Jacobello del Fiore, Our Lady of Mercy with St. John the Baptist and St. John the Evangelist
Late 14th/early 15th century
Accademia Gallery, Venice
As always, Our Lady of Mercy is shown sheltering a crowd of supplicants with her cape. In this case, most of the supplicants are women. Unusually however, the artist has hung from the Virgin's neck a mandorla pendant with the Christ Child blessing the viewer.
In an ancient iconographical tradition, John the Baptist points to the lamb on his left hand. The lamb has a cruciform halo, indicating that it represents Jesus Christ, the "Lamb of God" who John said "takes away the sins of the world" (John 1:29). Also following ancient tradition, the artist gives John a tunic of camel's hair (as in Matthew 2:1-4) under a more elegant toga-like mantle.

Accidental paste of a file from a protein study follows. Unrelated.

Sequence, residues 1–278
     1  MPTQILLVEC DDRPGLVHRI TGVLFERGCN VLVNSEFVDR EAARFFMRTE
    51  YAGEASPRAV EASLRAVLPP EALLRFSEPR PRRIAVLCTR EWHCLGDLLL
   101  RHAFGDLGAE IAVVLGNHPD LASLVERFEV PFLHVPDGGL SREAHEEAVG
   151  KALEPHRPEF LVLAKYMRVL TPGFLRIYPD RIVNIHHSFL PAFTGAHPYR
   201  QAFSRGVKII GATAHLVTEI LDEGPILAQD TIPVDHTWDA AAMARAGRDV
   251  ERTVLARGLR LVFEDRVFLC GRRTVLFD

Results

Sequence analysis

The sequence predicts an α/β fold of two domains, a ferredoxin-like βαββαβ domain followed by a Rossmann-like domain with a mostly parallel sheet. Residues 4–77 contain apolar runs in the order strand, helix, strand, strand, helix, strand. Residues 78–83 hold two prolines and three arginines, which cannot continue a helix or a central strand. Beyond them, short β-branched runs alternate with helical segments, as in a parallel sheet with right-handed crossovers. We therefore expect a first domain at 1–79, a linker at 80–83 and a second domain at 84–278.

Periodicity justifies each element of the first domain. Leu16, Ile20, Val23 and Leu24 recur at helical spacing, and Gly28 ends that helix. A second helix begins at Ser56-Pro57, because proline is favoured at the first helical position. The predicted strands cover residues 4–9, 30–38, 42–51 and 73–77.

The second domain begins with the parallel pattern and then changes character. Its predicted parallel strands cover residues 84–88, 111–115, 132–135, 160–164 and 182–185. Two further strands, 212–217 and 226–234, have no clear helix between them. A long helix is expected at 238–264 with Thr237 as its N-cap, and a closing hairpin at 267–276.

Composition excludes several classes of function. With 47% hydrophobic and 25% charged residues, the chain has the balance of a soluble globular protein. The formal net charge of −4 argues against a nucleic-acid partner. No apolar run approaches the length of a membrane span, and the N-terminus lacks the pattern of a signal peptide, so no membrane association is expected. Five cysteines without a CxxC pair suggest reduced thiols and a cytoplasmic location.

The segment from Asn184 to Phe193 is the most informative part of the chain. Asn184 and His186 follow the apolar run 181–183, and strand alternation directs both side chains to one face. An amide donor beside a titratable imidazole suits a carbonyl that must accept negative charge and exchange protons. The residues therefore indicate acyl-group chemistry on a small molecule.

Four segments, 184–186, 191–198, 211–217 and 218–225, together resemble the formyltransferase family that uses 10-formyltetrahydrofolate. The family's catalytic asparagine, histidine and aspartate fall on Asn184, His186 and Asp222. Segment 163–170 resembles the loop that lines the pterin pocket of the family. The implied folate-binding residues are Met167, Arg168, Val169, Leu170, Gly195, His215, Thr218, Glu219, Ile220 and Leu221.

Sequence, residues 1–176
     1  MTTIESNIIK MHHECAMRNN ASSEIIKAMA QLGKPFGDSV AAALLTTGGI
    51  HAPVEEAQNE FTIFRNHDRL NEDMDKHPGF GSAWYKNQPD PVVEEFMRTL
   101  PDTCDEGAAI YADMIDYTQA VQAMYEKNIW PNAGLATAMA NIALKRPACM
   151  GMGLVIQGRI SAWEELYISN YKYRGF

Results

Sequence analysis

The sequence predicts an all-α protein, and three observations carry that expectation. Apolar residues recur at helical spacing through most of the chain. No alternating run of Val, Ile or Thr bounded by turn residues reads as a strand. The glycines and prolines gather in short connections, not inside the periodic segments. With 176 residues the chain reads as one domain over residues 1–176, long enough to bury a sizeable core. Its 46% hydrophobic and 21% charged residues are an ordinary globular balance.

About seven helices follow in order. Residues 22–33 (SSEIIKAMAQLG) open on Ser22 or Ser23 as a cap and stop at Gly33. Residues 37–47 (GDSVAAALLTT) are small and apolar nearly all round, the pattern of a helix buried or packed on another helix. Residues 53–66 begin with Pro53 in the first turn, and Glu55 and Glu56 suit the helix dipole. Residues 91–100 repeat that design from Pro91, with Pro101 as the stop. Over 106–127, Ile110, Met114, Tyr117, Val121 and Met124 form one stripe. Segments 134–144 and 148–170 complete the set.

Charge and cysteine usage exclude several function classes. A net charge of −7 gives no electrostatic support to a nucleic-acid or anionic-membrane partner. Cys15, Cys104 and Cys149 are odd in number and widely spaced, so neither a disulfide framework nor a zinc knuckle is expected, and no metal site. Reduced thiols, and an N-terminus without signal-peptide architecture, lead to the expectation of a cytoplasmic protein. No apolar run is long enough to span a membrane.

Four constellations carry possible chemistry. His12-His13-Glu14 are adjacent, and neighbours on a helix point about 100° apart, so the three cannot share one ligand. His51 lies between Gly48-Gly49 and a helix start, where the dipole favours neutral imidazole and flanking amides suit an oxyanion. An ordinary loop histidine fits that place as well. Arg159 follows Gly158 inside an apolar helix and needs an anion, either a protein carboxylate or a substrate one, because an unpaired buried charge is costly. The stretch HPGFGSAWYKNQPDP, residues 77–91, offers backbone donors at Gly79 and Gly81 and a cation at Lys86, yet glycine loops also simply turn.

On the right, St. John the Evangelist is identified by the label in the gallery. The figure lacks attributes. It is not clear why there is a circular rip at the breast in his blue tunic.
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Read more about the Lamb of God symbol and about images of Our Lady of Mercy, St. John the Baptist, and St. John the Evangelist.
Photographed at the site by Richard Stracke, shared under Attribution-NonCommercial-ShareAlike license.